Page 1 of 2If you’re like most people who want to lose weight, you probably think that shedding a few pounds will help you feel better about yourself. And chances are, you see exercise simply as something you need to do to accomplish that goal. But here’s something you may not know: this "necessary evil" approach to exercise may actually be preventing you from feeling better about yourself right now—even before the number on the scale or reflection in the mirror matches up with your ideal.
A simple attitude adjustment may help you start feeling a lot more comfortable in your skin right now—and this, in turn, can make your weight loss journey a lot easier and more pleasant. Here’s what you need to know to decide if you need to adjust your exercise attitude, and if so, how to do exactly that.
Making Friends with Your Body: The Roots of High Self-Esteem
There’s no doubt that feeling comfortable in your own skin is an important part of that “feeling-good-about-yourself” goal (also known as high self-esteem) you're trying to achieve. But the more you learn about the roots of self-esteem, the clearer it becomes that what helps the most has very little to do with achieving some abstract ideal, like a certain weight or look. In fact, there are many, many cases where people work very hard on goals like this—and even achieve them—only to find that they're still unsatisfied and unhappy. What does seem to have major, positive effects on self-esteem is the process of moving yourself—the right way—from where you are towards where you would like to be.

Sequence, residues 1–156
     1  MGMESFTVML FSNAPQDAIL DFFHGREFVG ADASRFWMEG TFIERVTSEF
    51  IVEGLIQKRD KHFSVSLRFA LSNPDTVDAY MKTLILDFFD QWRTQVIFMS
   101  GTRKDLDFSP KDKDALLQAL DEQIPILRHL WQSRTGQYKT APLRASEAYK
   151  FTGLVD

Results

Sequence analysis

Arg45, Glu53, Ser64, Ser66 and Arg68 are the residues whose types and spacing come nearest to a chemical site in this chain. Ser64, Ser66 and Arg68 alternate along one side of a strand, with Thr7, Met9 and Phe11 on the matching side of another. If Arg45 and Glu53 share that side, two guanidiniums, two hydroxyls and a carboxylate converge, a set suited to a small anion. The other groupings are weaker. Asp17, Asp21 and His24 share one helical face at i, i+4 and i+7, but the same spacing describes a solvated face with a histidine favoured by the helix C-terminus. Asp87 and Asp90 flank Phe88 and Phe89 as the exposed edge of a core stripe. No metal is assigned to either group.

The journey is more important than the destination.
To be a little more precise, the best way to increase your self-esteem is to actively and effectively engage in something that is both good for you and consistent with your expressed goals. Both of these are key elements. If your goal isn't good for you, because it's unrealistic or strongly based on what you think other people want or expect from you (like trying to look like a model when your body can’t naturally achieve or maintain that), then you are going to face problems feeling good about yourself. Nothing you do will ever be good enough.
You’ll have the same problem if your actions aren’t consistent with your goals, like going on an unhealthy crash diet to achieve a healthy weight. To feel good about yourself, you have to treat yourself as if you are already someone worthy of respect and good treatment. If that means “faking it until you make it,” then that is where you need to start. Continued ›